Prabowo warns of foreign meddling on Indonesian election campaign’s final day

He was dismissed by the military because of his involvement in these disappearances and the US banned him from entering the country until he visited as defence minister in 2020 because of these and other accusations concerning special forces operations in East Timor and Papua.

“This is a bigger problem that he may have to face,” said Lv, arguing that Western countries may “take advantage” of Prabowo’s past to pressure him.

He also expected Washington to try to shift Indonesia from a so-called “swing state” to one that supported the US.

Under Widodo’s leadership, Indonesia – like most Southeast Asian states – has refrained from taking sides in the superpower rivalry and has maintained friendly relations with both.

He said Beijing saw Indonesia as an important bridge with the Association of Southeast Asian Nations and expected political and economic relations to continue to develop.

“I personally do not see any negative signs,” he said.

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03:09

Prabowo Subianto declares victory in Indonesian election as early counts give him 58% of votes

Prabowo Subianto declares victory in Indonesian election as early counts give him 58% of votes

Indonesia analysts also said his past was unlikely to be a stumbling block to closer ties with China.

Muhammad Waffaa Kharisma, a researcher at the Centre for Strategic and International Studies in Jakarta, said the 1998 violence was aimed at ethnic Chinese “less so towards China, the state”.

He said Widodo’s foreign policy had been a pragmatic one and “ambitious and friendly” towards China, which has been a “major friend”.

Although Prabowo has pitched himself as offering continuity, Muhammad Waffaa suggested that he could be a more active and present leader on the international stage but may prove more “erratic”.

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02:04

Presidents Xi and Widodo watch Chinese-built Indonesian bullet train make first trial run

Presidents Xi and Widodo watch Chinese-built Indonesian bullet train make first trial run

“We still need to wait until we see how Prabowo’s impulses may shape our foreign policy, too, as it could be that Indonesian foreign policy can be further driven by the more pragmatic element of our free and active doctrine,” he said, referring to the policy of trying to maintain good relations with all sides.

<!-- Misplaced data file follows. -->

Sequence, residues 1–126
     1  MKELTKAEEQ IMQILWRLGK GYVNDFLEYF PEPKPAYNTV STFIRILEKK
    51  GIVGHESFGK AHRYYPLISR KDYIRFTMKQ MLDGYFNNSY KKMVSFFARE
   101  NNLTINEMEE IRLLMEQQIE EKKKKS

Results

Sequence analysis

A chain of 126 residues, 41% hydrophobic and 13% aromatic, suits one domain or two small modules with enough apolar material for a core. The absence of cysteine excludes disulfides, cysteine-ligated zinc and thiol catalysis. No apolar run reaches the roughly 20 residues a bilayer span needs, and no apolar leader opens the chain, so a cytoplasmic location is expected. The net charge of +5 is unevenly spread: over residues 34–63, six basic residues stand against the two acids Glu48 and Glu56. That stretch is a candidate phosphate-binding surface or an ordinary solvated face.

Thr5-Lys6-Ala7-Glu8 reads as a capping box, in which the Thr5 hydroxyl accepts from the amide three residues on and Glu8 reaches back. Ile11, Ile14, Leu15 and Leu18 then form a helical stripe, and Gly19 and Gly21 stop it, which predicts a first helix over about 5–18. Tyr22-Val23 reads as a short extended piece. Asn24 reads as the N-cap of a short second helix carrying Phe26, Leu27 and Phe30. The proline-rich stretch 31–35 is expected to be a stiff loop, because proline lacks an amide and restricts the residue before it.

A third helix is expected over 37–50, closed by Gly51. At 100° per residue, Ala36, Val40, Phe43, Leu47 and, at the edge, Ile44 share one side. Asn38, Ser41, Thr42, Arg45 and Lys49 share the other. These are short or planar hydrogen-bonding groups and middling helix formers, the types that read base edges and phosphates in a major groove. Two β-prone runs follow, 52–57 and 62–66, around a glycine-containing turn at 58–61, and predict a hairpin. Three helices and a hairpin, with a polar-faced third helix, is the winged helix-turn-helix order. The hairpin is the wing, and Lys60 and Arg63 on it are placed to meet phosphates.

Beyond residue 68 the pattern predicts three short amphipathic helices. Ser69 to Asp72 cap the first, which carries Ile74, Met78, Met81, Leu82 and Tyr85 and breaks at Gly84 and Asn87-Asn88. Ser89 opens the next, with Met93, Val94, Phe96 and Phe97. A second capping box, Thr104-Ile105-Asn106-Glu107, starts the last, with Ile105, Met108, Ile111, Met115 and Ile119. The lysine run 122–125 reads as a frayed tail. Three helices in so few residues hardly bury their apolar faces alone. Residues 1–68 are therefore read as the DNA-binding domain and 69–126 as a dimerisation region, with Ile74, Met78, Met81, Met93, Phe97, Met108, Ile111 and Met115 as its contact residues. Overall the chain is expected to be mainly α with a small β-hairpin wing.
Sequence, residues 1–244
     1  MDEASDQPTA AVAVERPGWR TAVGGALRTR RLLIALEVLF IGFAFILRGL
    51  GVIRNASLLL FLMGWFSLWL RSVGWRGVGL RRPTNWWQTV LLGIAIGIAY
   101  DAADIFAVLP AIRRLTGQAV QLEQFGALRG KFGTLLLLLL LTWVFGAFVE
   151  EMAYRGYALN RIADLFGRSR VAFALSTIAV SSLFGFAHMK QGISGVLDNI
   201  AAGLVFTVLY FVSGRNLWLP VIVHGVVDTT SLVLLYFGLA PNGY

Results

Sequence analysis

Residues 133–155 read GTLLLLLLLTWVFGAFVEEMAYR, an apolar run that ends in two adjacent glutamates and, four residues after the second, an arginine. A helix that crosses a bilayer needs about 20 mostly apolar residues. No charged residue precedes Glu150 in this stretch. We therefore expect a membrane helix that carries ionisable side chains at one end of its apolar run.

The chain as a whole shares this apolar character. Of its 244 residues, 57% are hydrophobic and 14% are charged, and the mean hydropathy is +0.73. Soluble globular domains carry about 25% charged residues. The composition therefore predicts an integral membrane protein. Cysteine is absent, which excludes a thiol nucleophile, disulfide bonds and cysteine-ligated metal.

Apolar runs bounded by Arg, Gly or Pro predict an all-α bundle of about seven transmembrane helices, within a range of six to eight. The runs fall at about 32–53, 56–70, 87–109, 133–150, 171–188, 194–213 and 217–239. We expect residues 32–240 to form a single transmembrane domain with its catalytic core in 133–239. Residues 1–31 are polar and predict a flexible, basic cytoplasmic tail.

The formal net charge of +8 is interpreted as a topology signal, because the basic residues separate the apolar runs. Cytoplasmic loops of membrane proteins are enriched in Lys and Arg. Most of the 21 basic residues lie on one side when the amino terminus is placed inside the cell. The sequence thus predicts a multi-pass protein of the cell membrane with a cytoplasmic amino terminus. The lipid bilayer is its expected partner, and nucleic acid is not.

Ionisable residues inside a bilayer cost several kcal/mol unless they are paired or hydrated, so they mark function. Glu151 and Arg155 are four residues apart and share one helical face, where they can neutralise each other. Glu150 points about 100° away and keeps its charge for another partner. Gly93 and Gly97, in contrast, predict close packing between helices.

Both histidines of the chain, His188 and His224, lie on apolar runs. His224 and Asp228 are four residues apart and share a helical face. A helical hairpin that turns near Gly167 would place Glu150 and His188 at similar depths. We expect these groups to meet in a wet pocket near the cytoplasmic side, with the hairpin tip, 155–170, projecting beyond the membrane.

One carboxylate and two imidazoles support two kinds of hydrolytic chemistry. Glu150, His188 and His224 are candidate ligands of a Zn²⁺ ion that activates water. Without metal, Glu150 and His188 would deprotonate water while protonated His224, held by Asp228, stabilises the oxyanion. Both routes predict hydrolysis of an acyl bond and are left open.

Yohanes Sulaiman, a political analyst at the University of Achmad Yani in West Java, said he did not expect a big change in Indonesia’s foreign policy, but Prabowo is “far more nationalistic” than Widodo and may take a firmer stance on maritime conflicts.

Indonesia has long-standing disagreements with China over its exclusive economic zone off the Natuna Islands near the South China Sea, which Beijing claims almost entirely.

“He still maintains the reputation of a strongman who can get things done and somebody who is decisive … he will not act like Jokowi in the South China Sea,” Yohanes said. “He will be more forceful.”

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Prabowo Subianto pictured in 1998, when we was a special forces commander. Photo: AP

He said Prabowo needed to show the international community and businesses that he has a “consistent and predictable” foreign policy, but may feel obliged to respond to any provocations in the disputed waters.

Lv from the Chinese Academy of Social Sciences said as long as Prabowo’s government was sincere, such as in the development of its economy and infrastructure, its relationship with China “will only get better. I really don’t see any difficulties so far”.